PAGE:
Page D2.2 . 25 July 2001                     
ArchitectureWeek - Design Department
NEWS   |   DESIGN   |   BUILDING   |   DESIGN TOOLS   |   ENVIRONMENT   |   BUILDING CULTURE
< Prev Page Next Page >
 
DESIGN
 
  •  
  • Two Compact Urban Schools
     
  •  
  • Borromini Awards to Klotz and Nouvel
     
  •  
  • More Staff in Less Space

    [an error occurred while processing this directive]
    AND MORE
      Current Contents
      Blog Center
      Download Center
      New Products
      Products Guide
      Classic Home
      Architecture Forum
      Architects Directory
      Topics Library
      Complete Archive
      Web Directory
      About ArchWeek
      Search
      Subscribe & Contribute
      Free Newsletters
       

     
    QUIZ

    [an error occurred while processing this directive]

    Borromini Awards to Klotz and Nouvel

    (continued)

    Rooted in classical modernism, Klotz uses a simple formal vocabulary that lets materials speak for themselves. The Borromini judges praise his evident mastery of questions of form, expression, and construction. Ideologically far from the vernacular, Klotz nonetheless manages to synthesize internationalist tendencies with a specific sense of place.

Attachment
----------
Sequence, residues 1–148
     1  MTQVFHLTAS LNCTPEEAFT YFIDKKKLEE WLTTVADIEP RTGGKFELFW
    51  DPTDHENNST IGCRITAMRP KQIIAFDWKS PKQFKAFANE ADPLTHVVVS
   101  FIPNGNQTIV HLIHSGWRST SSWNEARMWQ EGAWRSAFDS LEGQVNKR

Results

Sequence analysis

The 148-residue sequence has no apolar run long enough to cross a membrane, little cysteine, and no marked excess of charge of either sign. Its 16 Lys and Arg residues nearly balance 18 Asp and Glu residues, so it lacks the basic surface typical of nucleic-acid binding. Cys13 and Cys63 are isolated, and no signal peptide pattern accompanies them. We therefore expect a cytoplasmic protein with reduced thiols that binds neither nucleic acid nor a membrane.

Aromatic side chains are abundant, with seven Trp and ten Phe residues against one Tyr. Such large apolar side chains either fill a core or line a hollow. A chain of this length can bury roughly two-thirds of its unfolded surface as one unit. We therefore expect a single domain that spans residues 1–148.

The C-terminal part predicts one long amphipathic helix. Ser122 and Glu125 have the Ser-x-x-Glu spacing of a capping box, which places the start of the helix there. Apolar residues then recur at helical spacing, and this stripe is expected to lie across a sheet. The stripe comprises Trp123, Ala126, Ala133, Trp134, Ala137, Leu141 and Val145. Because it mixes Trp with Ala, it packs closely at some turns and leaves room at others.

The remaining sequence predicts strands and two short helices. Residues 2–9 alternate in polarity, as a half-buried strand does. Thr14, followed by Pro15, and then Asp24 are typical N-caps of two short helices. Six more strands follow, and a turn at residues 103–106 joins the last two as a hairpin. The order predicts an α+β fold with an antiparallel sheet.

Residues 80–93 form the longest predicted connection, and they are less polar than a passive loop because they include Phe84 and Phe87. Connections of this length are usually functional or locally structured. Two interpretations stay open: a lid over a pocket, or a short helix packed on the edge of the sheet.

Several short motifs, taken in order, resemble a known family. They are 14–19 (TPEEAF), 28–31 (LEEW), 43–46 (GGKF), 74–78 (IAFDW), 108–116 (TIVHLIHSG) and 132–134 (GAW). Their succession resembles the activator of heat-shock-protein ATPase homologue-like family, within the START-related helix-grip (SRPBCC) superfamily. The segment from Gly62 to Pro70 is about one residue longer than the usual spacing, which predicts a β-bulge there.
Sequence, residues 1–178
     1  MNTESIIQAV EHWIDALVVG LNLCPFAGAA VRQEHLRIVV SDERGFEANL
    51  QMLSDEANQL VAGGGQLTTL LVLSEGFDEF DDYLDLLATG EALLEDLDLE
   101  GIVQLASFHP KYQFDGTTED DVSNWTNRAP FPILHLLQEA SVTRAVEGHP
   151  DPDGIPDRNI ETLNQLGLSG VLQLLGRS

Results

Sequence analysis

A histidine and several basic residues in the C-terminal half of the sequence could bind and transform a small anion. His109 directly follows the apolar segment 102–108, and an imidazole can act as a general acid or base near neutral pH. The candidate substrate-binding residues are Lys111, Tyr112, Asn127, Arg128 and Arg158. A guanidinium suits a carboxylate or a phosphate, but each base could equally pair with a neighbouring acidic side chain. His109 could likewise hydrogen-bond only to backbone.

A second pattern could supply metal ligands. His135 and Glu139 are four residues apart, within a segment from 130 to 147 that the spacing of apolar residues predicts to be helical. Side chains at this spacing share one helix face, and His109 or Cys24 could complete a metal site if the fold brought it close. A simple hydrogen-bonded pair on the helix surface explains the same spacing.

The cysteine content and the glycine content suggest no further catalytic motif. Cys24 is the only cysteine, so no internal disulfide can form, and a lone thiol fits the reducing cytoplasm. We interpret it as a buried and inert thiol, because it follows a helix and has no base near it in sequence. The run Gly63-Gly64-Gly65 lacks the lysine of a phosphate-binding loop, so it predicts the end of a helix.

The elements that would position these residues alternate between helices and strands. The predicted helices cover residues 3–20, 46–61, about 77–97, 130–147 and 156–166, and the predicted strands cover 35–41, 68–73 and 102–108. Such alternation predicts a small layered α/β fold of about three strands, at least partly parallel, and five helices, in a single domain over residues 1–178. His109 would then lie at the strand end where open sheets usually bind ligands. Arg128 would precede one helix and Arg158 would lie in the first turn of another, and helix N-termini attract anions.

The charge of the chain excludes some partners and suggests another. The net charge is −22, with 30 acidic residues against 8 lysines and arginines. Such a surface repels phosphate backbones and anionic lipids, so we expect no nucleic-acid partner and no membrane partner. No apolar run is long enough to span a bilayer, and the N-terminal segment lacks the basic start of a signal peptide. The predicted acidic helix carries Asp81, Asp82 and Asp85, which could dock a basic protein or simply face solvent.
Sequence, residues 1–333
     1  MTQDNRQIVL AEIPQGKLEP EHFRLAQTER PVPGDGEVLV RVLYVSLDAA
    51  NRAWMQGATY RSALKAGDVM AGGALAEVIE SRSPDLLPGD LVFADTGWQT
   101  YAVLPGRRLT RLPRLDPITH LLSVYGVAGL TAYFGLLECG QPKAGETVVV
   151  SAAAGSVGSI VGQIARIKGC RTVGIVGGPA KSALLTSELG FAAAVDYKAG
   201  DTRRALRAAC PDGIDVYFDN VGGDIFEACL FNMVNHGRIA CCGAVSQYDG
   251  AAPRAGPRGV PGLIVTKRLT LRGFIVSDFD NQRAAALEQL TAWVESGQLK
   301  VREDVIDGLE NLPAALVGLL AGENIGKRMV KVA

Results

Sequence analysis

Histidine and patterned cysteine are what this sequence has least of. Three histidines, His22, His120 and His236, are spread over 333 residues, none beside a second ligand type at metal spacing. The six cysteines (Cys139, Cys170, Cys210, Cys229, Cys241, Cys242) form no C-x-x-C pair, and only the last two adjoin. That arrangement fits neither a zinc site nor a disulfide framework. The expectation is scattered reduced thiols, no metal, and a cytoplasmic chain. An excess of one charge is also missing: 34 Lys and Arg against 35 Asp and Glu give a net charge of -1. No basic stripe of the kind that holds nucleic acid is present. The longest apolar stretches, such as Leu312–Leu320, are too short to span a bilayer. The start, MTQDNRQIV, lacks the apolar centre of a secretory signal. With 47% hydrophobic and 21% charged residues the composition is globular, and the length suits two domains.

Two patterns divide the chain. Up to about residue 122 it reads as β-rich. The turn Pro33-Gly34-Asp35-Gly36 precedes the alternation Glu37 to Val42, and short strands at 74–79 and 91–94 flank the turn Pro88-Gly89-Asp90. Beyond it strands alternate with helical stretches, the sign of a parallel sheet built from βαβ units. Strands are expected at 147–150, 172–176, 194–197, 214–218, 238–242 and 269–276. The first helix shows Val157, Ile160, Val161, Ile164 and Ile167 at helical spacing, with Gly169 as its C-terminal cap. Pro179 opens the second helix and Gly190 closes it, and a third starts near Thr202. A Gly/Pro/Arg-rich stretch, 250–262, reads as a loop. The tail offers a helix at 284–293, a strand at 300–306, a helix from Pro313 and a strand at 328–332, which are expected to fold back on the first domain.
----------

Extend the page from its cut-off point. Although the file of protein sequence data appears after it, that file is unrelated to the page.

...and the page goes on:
Matthias Klotz established his practice in Santiago, Chile, in 1988. Since then, he has emphasized the "search for simple solutions, with a clear issue," developing projects characterized by strong and innovative spatial configurations, balanced interplays of material, and thoughtful engagement with particularities of site and program.

    A Prize-winning School

    Klotz has worked at a variety of scales, beginning with houses, and including event halls, industrial buildings, a winery, schools, clinics, and urban furniture. His first large-scale building, the Altamira School, was completed in April 2000; it was this building in particular that earned him the Borromini Award.

    Built on the slopes of the Andes mountains, the 108,000-square-foot (10,000-square-meter) Altamira School derives from a clear and simple concept: build the edges, free the center.